One of the first things you are confronted within the developing world is beggars. They come in all shapes and sizes from women with children, old people and even the toddlers. Many will try to befriend you and then come to money for their ageing parents, starving children, crippled wife or whatever once they have established a rapport.
It's one of the things that is in your face from the moment you step from the plane and in fact, the first time you go to the third world, you wonder how such poverty can exist and why somebody doesn't do something about it.
Several of the guide books carry warnings of varying strengths against giving to beggars, but it's very hard to heed these warnings when faced with the reality of so much poverty, coupled with disabilities and dirty or malnourished children.
Before we first went to Nepal, Mary was told by a friend to take pens and balloons for children. This turned out to be worse than useless. To stop being mobbed we kept these to ourselves until we came to a school on our route and we gave them the lot and what a useless gift this was, they needed textbooks and teachers, not balloons.
A quick glance through your favourite search engine will give you a a fantastic range of advice, pretty much all of it well meaning and sincere. Take food say several, then you'll be sure they use it to get a meal, it sounds like sense but can you do it for all of them? What of the issue that professional beggars may drug or maim their children to make them more appealing?
So why this article? Well, I've finally come upon a rational, well argued article about what to do about beggars. It's about children and others calling Gimme, short for give me, in Tanzinia, where the author Brittany Stephen, lives.
She articulates in her excellent article the same conclusion that I have come to. Essentially begging, just like spam, only works as long as some people are willing to give to the beggar. The more people who are willing to give the more attractive the begging will become and the more beggars there will be.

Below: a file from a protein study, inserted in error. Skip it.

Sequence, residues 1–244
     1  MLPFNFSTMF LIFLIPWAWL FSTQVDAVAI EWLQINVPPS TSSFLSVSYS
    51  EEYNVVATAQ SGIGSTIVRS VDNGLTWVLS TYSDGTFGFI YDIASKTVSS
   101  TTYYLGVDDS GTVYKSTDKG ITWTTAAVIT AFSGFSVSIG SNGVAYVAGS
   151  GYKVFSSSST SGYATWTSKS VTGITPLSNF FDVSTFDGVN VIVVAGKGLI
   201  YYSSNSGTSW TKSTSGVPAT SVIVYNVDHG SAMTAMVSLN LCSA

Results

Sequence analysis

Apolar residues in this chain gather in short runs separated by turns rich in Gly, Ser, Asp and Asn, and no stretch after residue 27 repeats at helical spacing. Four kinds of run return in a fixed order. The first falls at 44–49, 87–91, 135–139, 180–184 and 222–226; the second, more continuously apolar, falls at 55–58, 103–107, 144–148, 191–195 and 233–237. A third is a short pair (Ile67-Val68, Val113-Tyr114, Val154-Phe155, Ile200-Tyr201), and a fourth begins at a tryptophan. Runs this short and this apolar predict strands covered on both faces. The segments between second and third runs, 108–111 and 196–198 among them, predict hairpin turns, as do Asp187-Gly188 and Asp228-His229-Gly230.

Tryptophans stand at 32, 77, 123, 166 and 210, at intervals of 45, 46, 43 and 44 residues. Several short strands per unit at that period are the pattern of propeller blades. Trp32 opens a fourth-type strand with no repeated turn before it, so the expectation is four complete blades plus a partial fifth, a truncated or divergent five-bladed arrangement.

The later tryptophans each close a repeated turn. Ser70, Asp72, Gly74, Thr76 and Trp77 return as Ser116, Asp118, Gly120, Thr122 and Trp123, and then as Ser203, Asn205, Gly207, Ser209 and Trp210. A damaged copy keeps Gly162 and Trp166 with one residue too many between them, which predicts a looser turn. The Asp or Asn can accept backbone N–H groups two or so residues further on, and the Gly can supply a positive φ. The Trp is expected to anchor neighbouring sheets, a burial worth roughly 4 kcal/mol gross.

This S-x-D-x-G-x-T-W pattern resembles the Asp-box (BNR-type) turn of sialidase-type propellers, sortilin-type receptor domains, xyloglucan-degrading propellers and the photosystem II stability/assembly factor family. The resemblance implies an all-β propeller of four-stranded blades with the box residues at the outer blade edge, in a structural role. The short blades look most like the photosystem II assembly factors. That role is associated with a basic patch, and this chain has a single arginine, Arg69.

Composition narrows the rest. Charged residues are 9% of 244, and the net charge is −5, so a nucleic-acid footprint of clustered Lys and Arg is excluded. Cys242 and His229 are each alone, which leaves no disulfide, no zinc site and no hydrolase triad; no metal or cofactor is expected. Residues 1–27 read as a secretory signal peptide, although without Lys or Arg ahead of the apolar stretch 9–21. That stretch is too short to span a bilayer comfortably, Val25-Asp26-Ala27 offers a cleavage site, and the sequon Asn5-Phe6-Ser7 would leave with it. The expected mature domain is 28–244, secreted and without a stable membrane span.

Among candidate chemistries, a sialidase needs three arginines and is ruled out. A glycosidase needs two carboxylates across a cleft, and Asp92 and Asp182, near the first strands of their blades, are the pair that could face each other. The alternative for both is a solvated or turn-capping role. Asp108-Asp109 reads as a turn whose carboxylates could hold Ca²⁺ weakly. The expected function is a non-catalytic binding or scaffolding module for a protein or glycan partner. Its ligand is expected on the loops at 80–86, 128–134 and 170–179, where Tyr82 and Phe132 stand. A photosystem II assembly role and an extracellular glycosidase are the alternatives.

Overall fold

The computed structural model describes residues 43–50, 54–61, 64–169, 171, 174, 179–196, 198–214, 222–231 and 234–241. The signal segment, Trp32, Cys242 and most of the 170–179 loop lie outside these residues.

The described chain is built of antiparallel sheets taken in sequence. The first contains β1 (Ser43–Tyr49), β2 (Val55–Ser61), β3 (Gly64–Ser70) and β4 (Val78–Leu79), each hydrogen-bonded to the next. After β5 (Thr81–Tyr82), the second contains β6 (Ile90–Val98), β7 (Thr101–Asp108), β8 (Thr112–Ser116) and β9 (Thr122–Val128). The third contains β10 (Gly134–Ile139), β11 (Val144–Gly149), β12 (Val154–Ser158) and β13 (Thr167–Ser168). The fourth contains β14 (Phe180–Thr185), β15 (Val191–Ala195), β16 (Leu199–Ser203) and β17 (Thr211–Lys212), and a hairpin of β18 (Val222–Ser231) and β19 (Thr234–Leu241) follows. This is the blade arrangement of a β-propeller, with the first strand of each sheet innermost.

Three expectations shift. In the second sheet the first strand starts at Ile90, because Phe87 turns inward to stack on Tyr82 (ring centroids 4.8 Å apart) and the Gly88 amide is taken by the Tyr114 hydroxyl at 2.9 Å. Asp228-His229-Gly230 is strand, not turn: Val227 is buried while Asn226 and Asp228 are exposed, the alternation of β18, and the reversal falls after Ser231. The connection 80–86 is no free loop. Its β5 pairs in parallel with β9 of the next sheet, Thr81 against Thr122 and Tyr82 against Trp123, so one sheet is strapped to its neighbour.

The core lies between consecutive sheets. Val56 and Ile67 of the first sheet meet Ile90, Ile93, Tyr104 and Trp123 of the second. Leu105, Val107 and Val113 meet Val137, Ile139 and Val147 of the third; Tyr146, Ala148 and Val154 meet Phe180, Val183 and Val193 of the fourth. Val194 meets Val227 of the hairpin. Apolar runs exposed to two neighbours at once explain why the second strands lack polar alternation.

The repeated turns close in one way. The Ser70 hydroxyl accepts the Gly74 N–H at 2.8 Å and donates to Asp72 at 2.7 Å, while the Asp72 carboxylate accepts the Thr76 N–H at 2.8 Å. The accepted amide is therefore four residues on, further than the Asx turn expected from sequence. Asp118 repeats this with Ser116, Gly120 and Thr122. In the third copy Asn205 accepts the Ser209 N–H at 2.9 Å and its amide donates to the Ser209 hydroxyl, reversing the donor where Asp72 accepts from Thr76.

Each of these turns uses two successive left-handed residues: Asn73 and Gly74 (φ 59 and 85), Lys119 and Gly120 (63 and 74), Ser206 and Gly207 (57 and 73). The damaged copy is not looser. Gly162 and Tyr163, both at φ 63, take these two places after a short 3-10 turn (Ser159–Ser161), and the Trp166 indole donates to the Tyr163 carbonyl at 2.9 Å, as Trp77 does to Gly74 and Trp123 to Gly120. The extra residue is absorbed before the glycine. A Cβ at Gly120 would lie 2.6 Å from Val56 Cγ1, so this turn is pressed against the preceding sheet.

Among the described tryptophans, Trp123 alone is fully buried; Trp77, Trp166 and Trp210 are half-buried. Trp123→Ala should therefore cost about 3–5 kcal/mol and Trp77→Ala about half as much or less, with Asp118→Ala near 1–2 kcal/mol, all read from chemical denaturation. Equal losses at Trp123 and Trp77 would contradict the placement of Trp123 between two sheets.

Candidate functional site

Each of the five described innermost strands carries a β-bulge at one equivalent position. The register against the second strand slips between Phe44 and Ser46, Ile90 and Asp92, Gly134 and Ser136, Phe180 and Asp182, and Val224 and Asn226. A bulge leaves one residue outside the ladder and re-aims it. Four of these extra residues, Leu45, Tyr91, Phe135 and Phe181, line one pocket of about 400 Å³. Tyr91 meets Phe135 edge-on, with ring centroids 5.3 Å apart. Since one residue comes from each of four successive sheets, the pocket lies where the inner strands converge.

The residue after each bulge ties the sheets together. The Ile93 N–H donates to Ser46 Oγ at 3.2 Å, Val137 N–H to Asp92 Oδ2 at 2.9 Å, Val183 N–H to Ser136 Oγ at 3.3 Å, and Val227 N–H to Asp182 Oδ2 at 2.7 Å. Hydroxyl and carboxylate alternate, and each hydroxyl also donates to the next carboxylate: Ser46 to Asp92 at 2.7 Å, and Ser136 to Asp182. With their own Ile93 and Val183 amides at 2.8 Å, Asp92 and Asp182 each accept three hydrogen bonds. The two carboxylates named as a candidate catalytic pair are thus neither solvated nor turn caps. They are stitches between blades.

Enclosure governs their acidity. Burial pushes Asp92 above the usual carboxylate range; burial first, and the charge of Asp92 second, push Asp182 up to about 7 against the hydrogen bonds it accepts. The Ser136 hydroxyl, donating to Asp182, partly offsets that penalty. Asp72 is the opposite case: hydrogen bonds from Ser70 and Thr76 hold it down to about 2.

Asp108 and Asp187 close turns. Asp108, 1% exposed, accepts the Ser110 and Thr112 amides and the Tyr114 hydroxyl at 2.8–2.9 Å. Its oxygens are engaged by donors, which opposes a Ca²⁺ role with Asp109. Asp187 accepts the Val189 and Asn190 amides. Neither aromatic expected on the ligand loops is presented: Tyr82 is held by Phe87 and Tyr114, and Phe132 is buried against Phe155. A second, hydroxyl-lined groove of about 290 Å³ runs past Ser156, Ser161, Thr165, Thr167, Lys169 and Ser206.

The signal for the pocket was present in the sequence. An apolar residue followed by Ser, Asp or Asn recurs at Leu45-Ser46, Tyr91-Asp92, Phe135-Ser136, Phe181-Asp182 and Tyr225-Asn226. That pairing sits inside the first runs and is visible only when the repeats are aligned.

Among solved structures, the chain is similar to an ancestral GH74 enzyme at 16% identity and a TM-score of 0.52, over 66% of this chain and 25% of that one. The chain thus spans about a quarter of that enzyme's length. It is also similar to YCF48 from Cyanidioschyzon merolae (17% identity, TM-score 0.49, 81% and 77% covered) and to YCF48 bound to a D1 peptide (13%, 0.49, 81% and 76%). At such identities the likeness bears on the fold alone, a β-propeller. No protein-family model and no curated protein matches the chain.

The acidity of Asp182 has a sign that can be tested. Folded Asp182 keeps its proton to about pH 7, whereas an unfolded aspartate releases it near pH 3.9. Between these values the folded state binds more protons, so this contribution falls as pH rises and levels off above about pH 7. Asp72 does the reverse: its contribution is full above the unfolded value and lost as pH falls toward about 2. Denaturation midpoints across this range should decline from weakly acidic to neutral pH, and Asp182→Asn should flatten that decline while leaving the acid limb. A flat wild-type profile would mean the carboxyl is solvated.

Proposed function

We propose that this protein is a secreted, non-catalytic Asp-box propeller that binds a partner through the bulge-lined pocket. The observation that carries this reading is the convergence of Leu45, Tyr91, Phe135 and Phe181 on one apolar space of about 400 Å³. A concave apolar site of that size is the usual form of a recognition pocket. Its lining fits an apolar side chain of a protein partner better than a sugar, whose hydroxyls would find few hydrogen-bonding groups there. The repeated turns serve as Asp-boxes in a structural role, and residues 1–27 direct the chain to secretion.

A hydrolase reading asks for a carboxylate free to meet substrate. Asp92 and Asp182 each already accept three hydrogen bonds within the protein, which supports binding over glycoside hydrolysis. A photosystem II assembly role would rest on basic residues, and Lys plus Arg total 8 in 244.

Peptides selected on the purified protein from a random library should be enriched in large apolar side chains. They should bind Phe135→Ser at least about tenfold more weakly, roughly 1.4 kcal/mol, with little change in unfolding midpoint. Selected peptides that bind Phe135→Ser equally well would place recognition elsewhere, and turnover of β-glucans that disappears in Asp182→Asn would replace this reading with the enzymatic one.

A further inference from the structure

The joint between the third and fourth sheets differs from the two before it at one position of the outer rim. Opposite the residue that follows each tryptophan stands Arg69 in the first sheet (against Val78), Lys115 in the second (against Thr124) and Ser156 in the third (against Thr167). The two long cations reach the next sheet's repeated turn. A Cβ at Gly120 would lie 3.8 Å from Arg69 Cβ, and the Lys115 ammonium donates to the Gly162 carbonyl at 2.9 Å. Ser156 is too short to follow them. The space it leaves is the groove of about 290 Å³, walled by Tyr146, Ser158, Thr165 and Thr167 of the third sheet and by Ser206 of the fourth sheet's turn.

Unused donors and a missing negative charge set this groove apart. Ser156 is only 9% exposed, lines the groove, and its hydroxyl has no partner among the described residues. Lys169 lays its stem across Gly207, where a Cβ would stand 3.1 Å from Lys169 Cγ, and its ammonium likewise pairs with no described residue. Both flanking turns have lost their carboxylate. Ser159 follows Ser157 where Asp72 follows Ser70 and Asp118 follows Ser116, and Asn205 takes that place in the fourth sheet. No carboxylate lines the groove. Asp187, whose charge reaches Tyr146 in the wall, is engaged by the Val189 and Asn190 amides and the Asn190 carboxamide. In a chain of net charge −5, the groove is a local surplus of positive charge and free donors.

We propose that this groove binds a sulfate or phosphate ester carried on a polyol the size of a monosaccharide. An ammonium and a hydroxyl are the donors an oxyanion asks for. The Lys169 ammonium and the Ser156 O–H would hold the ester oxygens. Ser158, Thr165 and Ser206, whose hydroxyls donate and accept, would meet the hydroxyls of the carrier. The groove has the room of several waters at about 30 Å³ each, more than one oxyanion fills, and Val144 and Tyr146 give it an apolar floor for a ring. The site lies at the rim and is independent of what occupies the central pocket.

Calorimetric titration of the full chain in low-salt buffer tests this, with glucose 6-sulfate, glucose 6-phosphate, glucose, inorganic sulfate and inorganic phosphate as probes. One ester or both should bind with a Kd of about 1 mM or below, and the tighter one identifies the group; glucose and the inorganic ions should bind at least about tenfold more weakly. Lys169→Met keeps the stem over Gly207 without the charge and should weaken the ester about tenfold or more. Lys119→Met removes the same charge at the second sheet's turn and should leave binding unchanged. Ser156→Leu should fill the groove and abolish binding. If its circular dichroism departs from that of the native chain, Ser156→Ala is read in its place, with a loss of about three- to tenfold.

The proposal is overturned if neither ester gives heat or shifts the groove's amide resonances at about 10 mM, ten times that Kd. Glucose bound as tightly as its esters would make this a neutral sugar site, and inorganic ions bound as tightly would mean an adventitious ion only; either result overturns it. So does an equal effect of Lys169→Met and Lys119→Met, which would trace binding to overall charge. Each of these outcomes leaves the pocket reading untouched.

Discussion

Some of the beggars will be genuine but many will simply be using the opportunity to get a handout and giving to them will simply foster dependence on tourists and foreign residents. Being surrounded by crowds of children demanding 'gimme pen' (give me pens) is unpleasant for the tourist and long term detrimental to the child.
I am certainly not arguing that we, as responsible travellers, should not assist those in the countries that we visit.
First we have to accept that in most of the developing world, the people who work for you, guides, porters, waiters are poorly paid and they are to a large extent dependent on tips. The cost of these needs to be factored into the cost of your trip so that you are able to leave generous tips to those from whom you get good service.
Secondly Ms Stephen's advice is to find "a legitimate Non Governmental Organization (NGO) – there are many, but make sure you research them - that is working with local communities on sustainable agricultural projects, or a foreign run school aimed at offering affordable, decent education to children who have no access to it". She makes other suggestions but the principal is find something that is generating sustainable benefits to community, not just making handouts.
So next time you feel tempted to give a few coins to a beggar, don't. Make a resolution to make a gift to a worthwhile NGO (such as the Arusha Childrens Trust) and remember to actually do it.